½ tsp of Gumbo file - some say it is optional but it isn’t around here.

Tabasco sauce for individual serving heat if the Creole seasoning isn’t hot enough for you or others.

Salt and pepper to taste.

Serve over white rice with some buttered French SD bread to sop up anything left in your bowl.  We sometimes just make huge French SD croutons and serve the etouffee over them instead of rice – great for folks who don’t like rice but love SD..

Make the chicken stock ahead of time.  Etouffee deserves the very best stock.

Smoke the chicken, sausage and chicken sausage with the Creole seasoning . 

Heat oil and butter in large skillet until it is hot but not quite smoking.  Add the flou and 1 T of the Creole seasoning, turn down the heat to low and cook the roux while constantly stirring until a dark peanut butter color is achieved.  This is called a blond roux even though it will be a brick red and may take 20 minutes or more.  Add the vegetables, the chorizo and 1 T Creole seasoning and cook while constantly stirring for about 6-8 minutes until the vegetables soften and the roux gets darker.  Make sure not to burn anything.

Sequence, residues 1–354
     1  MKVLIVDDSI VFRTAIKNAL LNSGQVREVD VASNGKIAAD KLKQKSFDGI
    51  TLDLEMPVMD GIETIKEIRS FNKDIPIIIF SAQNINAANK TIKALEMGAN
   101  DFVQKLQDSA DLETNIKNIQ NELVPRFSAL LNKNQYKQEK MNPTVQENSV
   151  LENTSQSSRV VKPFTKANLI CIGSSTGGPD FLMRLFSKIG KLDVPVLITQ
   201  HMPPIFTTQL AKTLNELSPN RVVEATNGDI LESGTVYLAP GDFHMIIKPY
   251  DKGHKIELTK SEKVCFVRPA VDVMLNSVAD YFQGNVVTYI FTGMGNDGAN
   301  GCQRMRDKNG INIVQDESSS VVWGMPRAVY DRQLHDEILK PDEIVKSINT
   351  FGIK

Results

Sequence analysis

Turn heat up to medium.  Add the beer and chicken stock, Worcestershire sauce and bay leaves. Cook while stirring until the mixture boils and thickens to correct consistency10-15 minutes.  Etouffee is a thicker sauce than Gumbo.   Add in the smoked meats and cook for about 2-3 minutes until the meat is just heated through.  The chicken should be chopped into ½" cubes and the sausages cut into ¼" thick coins. Have Tabasco ready for those who want more heat.   Serve over plain white rice or some kind of rustic French SD croutons Which is my preference.  For a more smoked flavor you can smoke the finished etouffee in the smoker too.

 If 3 Cajuns or Creoles are making etouffee you need about 12 additional beers while making it in order for them to have a good time and learn to get along while working hard on that roux that takes patience and low heat.

Comments

isand66's picture
isand66

Great post DA.

I wish I could try some of that fantastic Etoufee!

Best.
Ian

dabrownman's picture
dabrownman

went well together.  Glad you liked the post.  Will expect some etouffee bread out of you once you make some fror a taste - a fine recipe that just takes time, smoked meat, beer and little roux skill.